(PDF) Dilemmatic boundaries | Emily Critchley -

It's contemporary in time so it's not depressed—I was immature, thirteen in age or so; responding to the other girls kicking as they jumped over some of us. So it's not depressed—but not as being active. I'm creamed, until the crowd of girls is pulled off by an instructor who's in the gym. Attending a funeral—it's contemporary in time, not being in itself depressed; taking a ridiculous aspect—birds that sing loudly in the chapel where the funeral service is being held.

The birds are mechanical—so it's being creamed.

Like in the earlier episode of playing ball. Our being creamed in the foreground of the field by the other girls. A microcosm, but it's of sailors—though I'm given attention standing in pictures with one or two of the men.

They've come into a port at one time—I'm immature in age—it doesn't occur for that reason but is inverted, the sailors flirted with girls. Which is contemporary in time therefore.

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And being mechanical since I'm interested in the sailors, then merely interest. There is no way to live, only living itself in a present that is intolerable, dangerous, sexual, blunted, and ecstatic. Edges of meaning and relationship become here the intensive ground of their endlessly volatile statement. So that. As if. It were. Dana Miranda marked it as to-read Oct 01, Geof Huth marked it as to-read Dec 13, Doug is currently reading it Mar 17, Ray Osborn marked it as to-read Feb 18, Ally marked it as to-read Aug 28, Octipi marked it as to-read Feb 14, John Varner marked it as to-read Jan 17, Alma Q marked it as to-read Jan 31, Paul Bisagni marked it as to-read Sep 21, Noah Leventhal marked it as to-read Apr 16, Xuan marked it as to-read Apr 28, Rebecca Valley marked it as to-read Jul 19, Anna marked it as to-read Sep 05, There are no discussion topics on this book yet.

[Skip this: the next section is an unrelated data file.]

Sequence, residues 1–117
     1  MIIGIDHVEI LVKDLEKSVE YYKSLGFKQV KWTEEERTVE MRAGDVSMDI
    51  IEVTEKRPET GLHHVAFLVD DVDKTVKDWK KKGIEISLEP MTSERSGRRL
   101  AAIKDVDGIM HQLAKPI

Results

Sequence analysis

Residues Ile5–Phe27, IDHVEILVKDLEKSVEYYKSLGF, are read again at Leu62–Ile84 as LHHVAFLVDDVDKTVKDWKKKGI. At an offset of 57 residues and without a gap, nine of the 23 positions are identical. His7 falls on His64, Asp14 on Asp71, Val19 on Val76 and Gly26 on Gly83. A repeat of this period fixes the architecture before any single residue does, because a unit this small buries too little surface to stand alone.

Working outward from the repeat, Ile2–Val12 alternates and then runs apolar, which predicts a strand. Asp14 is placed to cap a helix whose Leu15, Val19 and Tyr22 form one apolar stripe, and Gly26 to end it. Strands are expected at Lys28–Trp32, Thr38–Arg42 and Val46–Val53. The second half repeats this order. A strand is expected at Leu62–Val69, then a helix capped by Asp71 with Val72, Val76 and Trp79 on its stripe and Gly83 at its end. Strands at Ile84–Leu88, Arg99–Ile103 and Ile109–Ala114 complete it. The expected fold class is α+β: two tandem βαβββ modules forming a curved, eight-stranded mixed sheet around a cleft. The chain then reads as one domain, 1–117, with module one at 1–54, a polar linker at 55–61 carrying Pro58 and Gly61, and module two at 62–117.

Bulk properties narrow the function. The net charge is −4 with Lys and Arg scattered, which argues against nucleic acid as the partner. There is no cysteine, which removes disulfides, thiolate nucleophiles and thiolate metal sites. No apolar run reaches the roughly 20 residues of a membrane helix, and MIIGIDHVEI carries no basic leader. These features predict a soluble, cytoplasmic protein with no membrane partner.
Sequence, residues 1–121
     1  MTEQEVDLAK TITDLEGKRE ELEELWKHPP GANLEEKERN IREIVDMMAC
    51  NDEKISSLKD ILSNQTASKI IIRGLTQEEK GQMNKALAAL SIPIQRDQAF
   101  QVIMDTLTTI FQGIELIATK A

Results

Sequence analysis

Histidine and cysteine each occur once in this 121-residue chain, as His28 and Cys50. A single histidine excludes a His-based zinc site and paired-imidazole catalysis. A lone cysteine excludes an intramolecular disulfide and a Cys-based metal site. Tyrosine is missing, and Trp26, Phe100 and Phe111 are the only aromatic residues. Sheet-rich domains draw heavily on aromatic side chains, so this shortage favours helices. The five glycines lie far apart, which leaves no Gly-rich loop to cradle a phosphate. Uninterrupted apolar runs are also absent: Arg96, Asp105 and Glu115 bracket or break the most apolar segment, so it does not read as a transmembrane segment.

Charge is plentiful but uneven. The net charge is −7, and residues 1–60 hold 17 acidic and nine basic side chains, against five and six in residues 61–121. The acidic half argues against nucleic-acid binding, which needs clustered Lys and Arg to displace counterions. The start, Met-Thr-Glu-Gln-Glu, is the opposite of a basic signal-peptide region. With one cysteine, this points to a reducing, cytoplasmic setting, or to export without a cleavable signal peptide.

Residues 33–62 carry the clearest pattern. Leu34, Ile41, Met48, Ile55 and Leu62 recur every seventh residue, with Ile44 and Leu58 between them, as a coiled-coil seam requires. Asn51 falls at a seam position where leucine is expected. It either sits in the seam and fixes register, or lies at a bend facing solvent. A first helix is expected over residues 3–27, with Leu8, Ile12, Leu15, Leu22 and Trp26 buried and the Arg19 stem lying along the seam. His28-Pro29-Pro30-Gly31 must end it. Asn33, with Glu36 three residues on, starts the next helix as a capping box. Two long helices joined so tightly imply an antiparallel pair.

About Leslie Scalapino. Leslie Scalapino. Leslie Scalapino July 25, — May 28, was a United States poet, experimental prose writer, playwright, essayist, and editor, sometimes grouped in with the Language poets, though she felt closely tied to the Beat poets. A longtime resident of California's Bay Area, she earned an M. One of Scalapino's most critically well-received Leslie Scalapino July 25, — May 28, was a United States poet, experimental prose writer, playwright, essayist, and editor, sometimes grouped in with the Language poets, though she felt closely tied to the Beat poets.

Scalapino was born in Santa Barbara, California and raised in Berkeley. She traveled throughout her youth and adulthood to Asia, Africa and Europe and her writing was intensely influenced by these experiences. In childhood Scalapino traveled with her father Robert A.

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Scalapino published her first book O and Other Poems in During her lifetime, she published more than thirty books of poetry, prose, inter-genre fiction, plays, essays, and collaborations. Scalapino's poetry has been widely anthologized, including appearances in the influential Postmodern American Poetry , From the Other Side of the Century, and Poems for the Millennium anthologies, as well as the popular Best American Poetry and Pushcart Prize series anthologies.

Her work was the subject of a special "critical feature" appearing in an issue of the online poetry journal How2. From until , Scalapino ran the Oakland small press she founded, O Books. Scalapino taught writing at various institutions, including 16 years in the MFA program at Bard College. Books by Leslie Scalapino.